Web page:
6th November 2013
Which? is a big campaigning organisation – and a publishing company – but in these difficult and expensive times, it has a very important role to play advocating a fair deal for the consumer.
At Mindful Money, we are a little more circumspect about the current demands surrounding pensions. The UK is currently undergoing the biggest reform to pensions in a generation at least.
It will see millions of people enrolled into a pension for the first time, but a huge amount of responsibility has been placed on the shoulders of hundreds of thousands of small employers which are due to enroll their staff in the next couple of years.
We wonder if clamping down on all charges is the correct thing to do at this stage.
We don’t support high charges, but even the OFT found that schemes in 2012 were charging around 0.51%. So, by and large, charges are already at low levels. However a cross industry cap could see some private sector pension providers struggling to stay in the market certainly for smaller schemes which tend to be more expensive to service. We think that means many more schemes will end up with Nest.
We also think that fund management would almost inevitably have to be passive at this level of charging i.e. tracking various markets for almost all pension investments. We are not sure whether that is absolutely desirable and at least requires a debate.
Finally, the thorniest issue concerns money already invested in pensions sometimes many years ago which may be subject to heavy charges, but that is a bit of a legal nightmare to unwind in terms of contract law. We think it needs a serious review.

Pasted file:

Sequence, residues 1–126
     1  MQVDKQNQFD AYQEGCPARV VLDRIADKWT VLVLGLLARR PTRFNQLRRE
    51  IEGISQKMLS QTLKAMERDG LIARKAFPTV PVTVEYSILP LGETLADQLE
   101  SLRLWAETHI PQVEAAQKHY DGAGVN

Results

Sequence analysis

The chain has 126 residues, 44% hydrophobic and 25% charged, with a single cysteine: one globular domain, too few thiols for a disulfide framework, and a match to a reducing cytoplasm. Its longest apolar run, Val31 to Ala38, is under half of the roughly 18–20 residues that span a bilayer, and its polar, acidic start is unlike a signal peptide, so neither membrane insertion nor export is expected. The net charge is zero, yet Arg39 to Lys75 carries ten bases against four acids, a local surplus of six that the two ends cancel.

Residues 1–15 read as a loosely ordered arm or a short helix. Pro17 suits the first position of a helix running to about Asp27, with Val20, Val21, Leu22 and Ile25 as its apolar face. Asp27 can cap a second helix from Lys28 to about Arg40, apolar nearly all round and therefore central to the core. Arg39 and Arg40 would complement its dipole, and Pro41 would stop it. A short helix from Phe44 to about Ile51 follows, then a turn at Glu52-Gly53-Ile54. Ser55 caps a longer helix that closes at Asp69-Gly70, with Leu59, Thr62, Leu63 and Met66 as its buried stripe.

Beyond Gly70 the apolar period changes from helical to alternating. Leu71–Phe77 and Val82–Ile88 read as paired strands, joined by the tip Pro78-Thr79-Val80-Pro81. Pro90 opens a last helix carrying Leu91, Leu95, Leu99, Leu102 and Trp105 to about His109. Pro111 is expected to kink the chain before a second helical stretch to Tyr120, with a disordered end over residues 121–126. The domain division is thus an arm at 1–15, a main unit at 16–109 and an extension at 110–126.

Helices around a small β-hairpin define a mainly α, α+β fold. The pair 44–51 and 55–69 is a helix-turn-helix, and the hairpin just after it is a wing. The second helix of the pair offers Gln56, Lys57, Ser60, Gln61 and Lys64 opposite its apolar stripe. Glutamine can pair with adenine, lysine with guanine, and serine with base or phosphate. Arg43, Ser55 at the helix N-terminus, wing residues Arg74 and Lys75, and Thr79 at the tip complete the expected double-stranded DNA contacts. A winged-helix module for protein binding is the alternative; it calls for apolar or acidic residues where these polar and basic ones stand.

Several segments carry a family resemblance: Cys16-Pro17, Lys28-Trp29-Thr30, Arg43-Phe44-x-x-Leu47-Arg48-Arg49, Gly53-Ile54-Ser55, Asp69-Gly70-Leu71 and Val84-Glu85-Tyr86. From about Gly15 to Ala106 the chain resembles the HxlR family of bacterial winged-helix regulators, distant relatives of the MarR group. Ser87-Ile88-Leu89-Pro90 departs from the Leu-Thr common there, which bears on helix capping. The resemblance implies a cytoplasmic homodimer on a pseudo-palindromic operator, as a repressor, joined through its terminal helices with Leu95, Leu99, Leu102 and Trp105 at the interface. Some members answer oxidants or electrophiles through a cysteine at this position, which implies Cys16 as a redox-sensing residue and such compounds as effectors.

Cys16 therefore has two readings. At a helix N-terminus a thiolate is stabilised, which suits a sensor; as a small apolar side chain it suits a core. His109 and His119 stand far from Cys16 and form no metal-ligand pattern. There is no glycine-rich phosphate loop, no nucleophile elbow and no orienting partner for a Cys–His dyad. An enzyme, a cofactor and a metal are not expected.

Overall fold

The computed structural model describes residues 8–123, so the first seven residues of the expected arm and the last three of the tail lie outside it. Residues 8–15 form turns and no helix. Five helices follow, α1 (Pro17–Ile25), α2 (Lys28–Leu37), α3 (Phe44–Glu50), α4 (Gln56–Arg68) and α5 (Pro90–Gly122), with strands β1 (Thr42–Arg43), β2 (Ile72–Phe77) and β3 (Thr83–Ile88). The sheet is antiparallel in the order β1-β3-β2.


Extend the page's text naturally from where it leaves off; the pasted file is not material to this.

Yet a 0.5% cap strikes Mindful Money as not just a blunt instrument. It may be impossible to apply to these older contracts. The worst thing that could happen is that what is seen as a hard hitting, pro-consumer reform fails to deal with the part of the market at most 10% where action is most needed. It wouldn’t be the first time in the history of pension reforms that has happened.
It also feels as if Which? would really prefer a system involving many fewer pension providers – at most half a dozen – but maybe only one. That might therefore be Nest as by far and away the biggest scheme perhaps with a few other industry wide style schemes on the Dutch model for instance (though the Dutch system has had its fair share of problems as well).
A central hub would take in most contributions and then sub-contract out the management say in the way the Norwegians run their sovereign wealth funds. That would really screw down costs. But it is not the system either Labour or the Coalition have chosen to proceed with which has lot of providers and all sorts of obligations placed on employers.
In summary, Mindful Money wouldn’t sign at least not yet.
Yet, the really frustrating issue from the point of view of employees/investors is that you do not have much control. These decisions rest with the government and your employer. We think Which? is oversimplifying a complex issue which is not easily addressed in a petition. You may not agree and say cutting charges must be the priority in which case, you should sign up as soon as possible.